Rami Nabaheen approached us because he was looking for help. He was at a loss.
Four days earlier his wife, Najwa, had given birth to conjoined twins. They are attached at the chest and abdomen and share a heart and a liver. The one heart cannot beat for two and they must undergo separation surgery so that one of them may survive. The procedure is complex and beyond the capabilities of Gaza’s Shifa hospital, they need to be transferred to a medical facility abroad.
We are standing in the open courtyard of Shifa when he and his 60-year-old mother, Amna, walk up to us to tell us their story.
The twins were born on July 20, the bloodiest day of Israel’s assault on Gaza that has left nearly 700 Palestinians dead, the vast majority of them civilians, including over 160 children.
Rami, a 36-year-old resident of al-Nusairat refugee camp in central Gaza, has spent the past three days trying to finish the required paperwork to get his newborn twins across the border into Israel. Every day counts. With only one heart between them, they are struggling for oxygen.
In the chaos of the conflict, Rami cannot obtain the necessary permit from the Palestinian Authority. Their office doors are shut amid Israel’s incessant bombardment of the Strip. Even with the proper documents, the route to the Erez crossing in the north is fraught with danger and there no is no guarantee the border will be open. He is getting increasingly desperate.
“I don’t know what to do,” he says. “We need help from anyone. We just want to save one of them.”
Rami and his wife have five girls. The newborn twins are boys. His youngest daughter wants to name one of them Kareem and the other Ahmed.
Rami and his mother ask us to come see the twins in the neonatal ward. We walk with them. We pass the morgue where dozens of people are waiting to collect the newly dead.
We enter the neonatal ward and see the doctor standing in the hallway. When we explain that we are journalists coming to see Rami’s newborns, he looks down at the floor and then up again.
“You are too late,” he says in English. I assume he is talking about visiting hours and ask him what he means. He speaks slowly, in English again. “They died two hours ago.” Cardiopulmonary arrest is the cause. There was too much stress on the heart they shared.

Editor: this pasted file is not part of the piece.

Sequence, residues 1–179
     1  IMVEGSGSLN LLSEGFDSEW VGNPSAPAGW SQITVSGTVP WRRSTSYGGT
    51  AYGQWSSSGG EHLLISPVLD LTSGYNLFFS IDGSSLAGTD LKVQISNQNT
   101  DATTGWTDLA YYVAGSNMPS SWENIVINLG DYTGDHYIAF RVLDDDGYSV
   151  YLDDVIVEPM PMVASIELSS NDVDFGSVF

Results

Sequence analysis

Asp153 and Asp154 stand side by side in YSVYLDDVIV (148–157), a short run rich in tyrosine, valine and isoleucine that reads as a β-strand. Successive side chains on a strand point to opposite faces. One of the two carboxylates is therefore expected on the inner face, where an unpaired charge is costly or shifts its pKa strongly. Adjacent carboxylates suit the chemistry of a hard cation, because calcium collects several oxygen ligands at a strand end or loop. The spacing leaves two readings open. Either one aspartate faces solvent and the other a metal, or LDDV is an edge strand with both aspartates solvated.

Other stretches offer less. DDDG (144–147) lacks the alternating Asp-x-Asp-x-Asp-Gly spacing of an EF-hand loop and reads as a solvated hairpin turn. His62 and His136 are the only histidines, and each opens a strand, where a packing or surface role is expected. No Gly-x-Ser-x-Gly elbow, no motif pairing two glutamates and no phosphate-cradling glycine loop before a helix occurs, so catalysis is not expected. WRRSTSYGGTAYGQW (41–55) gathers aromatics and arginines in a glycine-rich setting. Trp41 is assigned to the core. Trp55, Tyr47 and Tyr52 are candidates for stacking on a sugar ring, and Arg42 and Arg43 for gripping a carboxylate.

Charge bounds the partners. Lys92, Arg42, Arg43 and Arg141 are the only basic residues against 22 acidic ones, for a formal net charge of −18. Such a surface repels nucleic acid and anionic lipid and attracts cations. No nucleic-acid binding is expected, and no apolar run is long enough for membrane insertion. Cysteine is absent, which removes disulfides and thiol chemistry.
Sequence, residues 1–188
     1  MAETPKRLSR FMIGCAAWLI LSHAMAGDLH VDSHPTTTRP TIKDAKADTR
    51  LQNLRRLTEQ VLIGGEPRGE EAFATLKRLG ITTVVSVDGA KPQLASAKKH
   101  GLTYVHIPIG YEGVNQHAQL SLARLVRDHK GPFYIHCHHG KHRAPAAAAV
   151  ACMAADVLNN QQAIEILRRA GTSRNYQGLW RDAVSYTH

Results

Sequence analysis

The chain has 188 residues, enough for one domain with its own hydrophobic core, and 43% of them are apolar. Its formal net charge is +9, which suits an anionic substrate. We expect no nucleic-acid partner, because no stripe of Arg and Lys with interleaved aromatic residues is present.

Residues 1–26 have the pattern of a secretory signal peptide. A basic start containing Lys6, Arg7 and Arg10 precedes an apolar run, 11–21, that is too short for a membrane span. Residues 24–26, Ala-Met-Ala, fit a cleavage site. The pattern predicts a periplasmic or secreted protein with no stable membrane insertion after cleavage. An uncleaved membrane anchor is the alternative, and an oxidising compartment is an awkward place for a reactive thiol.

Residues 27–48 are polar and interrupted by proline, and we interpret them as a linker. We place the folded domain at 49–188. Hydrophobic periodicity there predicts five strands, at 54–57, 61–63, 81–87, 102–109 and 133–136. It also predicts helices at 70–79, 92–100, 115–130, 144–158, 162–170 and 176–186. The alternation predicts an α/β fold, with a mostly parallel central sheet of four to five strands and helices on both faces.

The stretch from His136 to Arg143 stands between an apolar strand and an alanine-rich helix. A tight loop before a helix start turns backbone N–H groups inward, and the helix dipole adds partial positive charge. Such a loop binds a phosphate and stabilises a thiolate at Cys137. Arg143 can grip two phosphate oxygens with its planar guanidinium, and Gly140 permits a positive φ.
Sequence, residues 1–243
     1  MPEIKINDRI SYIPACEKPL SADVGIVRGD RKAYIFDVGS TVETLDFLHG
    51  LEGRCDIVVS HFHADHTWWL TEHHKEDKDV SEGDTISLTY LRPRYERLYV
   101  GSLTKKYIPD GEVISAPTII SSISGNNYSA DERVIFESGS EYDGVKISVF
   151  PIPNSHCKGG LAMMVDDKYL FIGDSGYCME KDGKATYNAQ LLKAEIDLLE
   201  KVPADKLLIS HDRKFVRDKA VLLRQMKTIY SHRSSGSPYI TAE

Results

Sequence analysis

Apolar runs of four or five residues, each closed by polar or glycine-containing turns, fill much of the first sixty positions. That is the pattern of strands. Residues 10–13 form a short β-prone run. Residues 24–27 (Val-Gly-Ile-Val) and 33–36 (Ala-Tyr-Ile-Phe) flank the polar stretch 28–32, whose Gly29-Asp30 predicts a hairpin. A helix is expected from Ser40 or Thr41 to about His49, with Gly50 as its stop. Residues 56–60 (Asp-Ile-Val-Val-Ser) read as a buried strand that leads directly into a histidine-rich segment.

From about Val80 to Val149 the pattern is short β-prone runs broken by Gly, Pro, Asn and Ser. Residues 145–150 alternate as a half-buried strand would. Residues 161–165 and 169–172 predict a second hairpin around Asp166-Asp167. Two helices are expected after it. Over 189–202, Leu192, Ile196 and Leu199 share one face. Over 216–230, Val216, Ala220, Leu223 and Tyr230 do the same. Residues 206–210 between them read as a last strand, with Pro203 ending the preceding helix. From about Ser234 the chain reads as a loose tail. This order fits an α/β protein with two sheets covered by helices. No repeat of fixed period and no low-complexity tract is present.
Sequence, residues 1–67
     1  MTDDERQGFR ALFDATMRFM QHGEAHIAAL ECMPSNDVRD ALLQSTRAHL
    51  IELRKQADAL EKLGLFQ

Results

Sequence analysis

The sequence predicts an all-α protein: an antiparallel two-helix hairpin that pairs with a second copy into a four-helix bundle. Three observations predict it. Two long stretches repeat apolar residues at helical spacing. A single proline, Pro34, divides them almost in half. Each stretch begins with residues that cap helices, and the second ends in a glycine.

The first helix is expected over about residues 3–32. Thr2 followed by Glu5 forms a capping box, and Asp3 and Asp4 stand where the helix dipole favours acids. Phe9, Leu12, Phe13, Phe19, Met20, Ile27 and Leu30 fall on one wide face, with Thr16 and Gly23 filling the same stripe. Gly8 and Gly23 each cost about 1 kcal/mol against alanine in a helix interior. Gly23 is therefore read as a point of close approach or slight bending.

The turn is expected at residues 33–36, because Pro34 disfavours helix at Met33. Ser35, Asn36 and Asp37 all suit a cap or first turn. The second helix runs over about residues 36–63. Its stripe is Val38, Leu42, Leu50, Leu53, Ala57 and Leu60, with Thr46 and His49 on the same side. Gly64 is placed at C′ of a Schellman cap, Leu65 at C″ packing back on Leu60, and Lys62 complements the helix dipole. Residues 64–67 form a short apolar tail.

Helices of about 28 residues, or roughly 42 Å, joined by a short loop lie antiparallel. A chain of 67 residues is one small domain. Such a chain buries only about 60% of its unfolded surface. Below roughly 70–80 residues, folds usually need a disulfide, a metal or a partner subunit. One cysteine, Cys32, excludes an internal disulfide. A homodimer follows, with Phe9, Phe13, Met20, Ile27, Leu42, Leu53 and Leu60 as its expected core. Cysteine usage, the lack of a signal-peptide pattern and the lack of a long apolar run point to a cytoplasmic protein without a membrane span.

The father and grandmother do not understand what he is saying. They are looking at us with a questioning, worried hope. I try to hide my grief.
The doctor tells them the director of the neonatal ward he would like to speak with them. We all take a seat around a table in his office. The director, Dr. Alam Abu Hamda, is sitting behind a desk.
He tries to break the news gradually. He begins by saying the twins had a difficult night, that their medical situation was tough from the start. He ends with, “May God bless their souls.”
There is a moment of awful silence. “They died?” Amna asks.
Rami has not said anything. He looks away from the doctor and into the mid-distance. He blinks and nods a lot. There are tears forming in his eyes. He looks back at the doctor and says, “Both?” When he asks the question, his voice cracks, his face contorts and the tears leave his eyes and roll down his cheeks.
The doctor tries to soften the blow. He says the surviving boy would have had a very difficult life, that they are both with God now. Rami is silent in his sorrow.
The twins’ condition was perilous from the start, but they did not have to die. Many different factors contributed to their death. Two weeks of a conflict that has only been escalating made crossing borders too difficult to arrange in time. They may have had a chance if they had gotten out.
But it wasn’t only the war. In densely populated Gaza, Shifa hospital is overwhelmed with up to 17,000 deliveries per year, according to Dr. Abu Hamda. There are not enough specialists because the few doctors on hand have to be general practitioners to cover all types of cases. They do not have the proper expertise in congenital diagnosis. Whoever did the ultrasound couldn’t tell the twins were conjoined, doctors only found out during the caesarean delivery.
The conflict has only made things worse, with patients displaced from other parts of Gaza streaming into Shifa and placing a huge burden on medical staff. There are only sixteen incubators in the intensive care unit of the neonatal ward. Equipment is in need of repair and there are frequent power cuts due in large part to the seven-year siege of Gaza by Israel and Egypt.
None of this matters to Rami who, like so many thousands of Palestinians in Gaza, must now mourn. His newborn twins spent their brief lives facing each other. He will bury them still attached.
Rami says he will wait until he gets home to tell Najwa. “She will be sad, but she is stronger than me,” he says. He is concerned that she cannot get pregnant again after the C-section. The doctor assures him she was not affected.
Amna does not know how she will tell the five girls. “They were so excited,” she says. “They kept asking ‘Where are our brothers?’ What am I going to tell them?”
Rami says, “It was fate.”